Ballot papers will land on the doormats of quarter of a million civil service workers this week.
Their PCS union is renewing its campaign of industrial action against government attacks.
There is much at stake.
PCS members spoke to Socialist Worker in a personal capacity about the ballot. Kate Douglas works at the Department for Work and Pensions (DWP) in Oxford.
“The government wants to introduce less sick pay, cuts to leave entitlement and new grievance procedures that they haven’t even published yet,” she said.
“If we don’t fight these cuts there will be more to come. Now is the time to fight, now is the time to vote yes for strikes.”
Martin Rickman works for the DWP in Sheffield.
He said the union “is on the front line of government attacks”.
“People feel like they’re being singled out,” he told Socialist Worker. “There is a sense of anger.”
Martin explained that the attacks have a wider impact.
“In the job centres they’re cutting back on jobs and hours,” he said.
“Those staff who are left have a huge workload. And people have to wait longer for their benefits to be processed.”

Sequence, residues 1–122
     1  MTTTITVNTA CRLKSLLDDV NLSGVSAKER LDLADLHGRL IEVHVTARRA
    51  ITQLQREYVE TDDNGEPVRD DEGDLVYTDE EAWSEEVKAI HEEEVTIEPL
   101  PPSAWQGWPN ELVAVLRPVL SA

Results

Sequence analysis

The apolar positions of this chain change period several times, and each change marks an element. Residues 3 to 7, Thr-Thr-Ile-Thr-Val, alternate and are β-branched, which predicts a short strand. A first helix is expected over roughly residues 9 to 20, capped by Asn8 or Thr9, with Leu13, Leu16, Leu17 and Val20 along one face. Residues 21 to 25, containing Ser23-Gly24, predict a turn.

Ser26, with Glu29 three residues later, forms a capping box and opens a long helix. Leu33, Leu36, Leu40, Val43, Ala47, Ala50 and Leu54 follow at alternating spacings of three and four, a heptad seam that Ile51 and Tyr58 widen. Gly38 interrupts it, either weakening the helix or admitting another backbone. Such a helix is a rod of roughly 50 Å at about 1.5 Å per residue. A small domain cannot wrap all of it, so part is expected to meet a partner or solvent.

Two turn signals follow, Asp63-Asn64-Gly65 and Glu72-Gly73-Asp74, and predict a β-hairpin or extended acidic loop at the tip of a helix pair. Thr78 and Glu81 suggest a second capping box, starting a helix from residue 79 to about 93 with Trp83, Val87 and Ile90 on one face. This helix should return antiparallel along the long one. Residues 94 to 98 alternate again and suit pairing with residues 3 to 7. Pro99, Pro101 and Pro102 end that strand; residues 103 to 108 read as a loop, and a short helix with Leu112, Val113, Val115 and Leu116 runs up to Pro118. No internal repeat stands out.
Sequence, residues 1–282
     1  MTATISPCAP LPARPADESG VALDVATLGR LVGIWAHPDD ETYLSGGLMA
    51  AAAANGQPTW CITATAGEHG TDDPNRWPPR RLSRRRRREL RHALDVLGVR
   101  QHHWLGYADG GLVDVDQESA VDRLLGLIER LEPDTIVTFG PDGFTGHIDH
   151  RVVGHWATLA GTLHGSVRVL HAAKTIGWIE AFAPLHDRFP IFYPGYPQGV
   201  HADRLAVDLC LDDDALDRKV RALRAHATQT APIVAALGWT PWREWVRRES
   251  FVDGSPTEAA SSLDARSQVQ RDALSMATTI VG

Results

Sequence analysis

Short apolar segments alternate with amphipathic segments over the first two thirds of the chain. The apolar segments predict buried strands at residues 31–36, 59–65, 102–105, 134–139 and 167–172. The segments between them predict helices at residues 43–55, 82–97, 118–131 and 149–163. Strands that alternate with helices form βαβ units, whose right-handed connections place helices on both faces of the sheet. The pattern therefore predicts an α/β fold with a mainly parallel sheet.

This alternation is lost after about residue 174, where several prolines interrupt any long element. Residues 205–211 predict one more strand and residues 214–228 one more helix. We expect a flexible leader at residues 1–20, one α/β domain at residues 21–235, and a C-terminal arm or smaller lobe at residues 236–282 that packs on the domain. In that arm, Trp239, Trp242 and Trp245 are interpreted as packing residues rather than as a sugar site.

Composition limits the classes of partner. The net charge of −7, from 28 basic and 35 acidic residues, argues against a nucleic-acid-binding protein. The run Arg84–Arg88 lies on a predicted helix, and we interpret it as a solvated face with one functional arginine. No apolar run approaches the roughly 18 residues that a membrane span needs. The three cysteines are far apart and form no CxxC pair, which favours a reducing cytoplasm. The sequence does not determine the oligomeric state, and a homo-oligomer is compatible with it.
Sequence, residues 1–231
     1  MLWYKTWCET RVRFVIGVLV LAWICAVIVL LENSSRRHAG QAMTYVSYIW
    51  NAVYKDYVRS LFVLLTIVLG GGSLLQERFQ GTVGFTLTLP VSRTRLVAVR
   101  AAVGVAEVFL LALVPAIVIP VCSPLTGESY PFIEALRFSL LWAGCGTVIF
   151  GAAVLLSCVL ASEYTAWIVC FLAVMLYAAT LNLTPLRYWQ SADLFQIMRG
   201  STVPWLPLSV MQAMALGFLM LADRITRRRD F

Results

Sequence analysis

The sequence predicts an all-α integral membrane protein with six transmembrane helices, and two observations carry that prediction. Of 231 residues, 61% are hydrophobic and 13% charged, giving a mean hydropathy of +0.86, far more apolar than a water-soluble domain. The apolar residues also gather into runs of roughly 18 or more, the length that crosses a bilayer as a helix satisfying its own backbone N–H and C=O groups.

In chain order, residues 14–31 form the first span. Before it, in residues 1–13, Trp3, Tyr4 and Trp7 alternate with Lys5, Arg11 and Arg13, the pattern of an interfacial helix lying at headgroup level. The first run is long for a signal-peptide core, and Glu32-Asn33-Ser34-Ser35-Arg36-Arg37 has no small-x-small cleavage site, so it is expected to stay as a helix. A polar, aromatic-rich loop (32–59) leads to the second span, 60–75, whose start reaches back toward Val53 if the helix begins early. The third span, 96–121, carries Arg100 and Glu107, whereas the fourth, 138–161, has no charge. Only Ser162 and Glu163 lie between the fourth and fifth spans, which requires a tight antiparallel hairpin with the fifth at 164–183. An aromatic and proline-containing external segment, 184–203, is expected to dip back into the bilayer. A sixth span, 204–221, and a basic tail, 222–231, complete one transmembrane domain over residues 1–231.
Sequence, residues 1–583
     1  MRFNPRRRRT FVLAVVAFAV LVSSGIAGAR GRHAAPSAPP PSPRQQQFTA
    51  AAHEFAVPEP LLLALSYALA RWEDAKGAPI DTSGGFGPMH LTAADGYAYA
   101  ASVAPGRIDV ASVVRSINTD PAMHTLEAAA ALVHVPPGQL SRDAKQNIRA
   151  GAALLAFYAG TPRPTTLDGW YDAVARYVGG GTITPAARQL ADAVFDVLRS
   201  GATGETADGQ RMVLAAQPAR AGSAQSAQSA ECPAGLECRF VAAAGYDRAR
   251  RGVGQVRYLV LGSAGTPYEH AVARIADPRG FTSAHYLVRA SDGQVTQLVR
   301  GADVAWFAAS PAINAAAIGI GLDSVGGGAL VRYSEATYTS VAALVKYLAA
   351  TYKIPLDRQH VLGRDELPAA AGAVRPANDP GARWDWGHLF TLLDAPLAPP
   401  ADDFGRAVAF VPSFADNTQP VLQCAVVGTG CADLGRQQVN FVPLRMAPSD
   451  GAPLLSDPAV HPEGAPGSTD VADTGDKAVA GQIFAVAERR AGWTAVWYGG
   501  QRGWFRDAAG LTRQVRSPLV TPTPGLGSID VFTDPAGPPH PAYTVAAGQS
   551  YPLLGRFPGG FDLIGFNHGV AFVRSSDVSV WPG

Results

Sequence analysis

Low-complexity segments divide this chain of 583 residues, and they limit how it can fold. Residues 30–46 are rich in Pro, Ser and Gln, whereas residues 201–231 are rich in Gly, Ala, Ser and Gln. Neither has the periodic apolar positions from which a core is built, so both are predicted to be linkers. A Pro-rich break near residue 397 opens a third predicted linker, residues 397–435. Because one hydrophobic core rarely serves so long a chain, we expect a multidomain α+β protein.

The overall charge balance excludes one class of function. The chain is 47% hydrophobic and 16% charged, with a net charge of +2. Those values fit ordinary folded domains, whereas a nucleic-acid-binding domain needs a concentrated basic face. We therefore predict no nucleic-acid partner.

The ballot opens on Friday and closes on 4 March. Workers are already preparing to build the yes vote.
Marianne Owens works for the DWP in Cardiff. “We’re going to be doing everything we can to get the vote out,” she said.
“There are 2,500 union members in the building I work in. We’ll leaflet people as they come into work and hold car park meetings.”
Martin is also planning workplace meetings. “I also go round and speak to people individually,” he added.
“I’ve very blunt with people when it comes to the argument about why to strike.
“I say, either you stand up now, or the government will come back for more.
“I always have union membership forms on me for when new people want to get involved.”
Workers want a clear strategy from their union leaders.
Marianne said, “People here know that we can’t wait around for the other unions when the attacks are coming thick and fast.
“Workers everywhere need to put pressure on their union bureaucracies. We need pressure from the bottom up for action.”
Martin said that a one-day strike would have to be the start of a bigger campaign against the cuts.
But he said that he was prepared for a long fight.
“I’ve been in long disputes before,” he said.
“All my family were miners and I was a steel worker. I stood on those picket lines every day for a year.
“Thatcher singled out the miners like Cameron is trying to single out us now.
“I take it as a compliment.”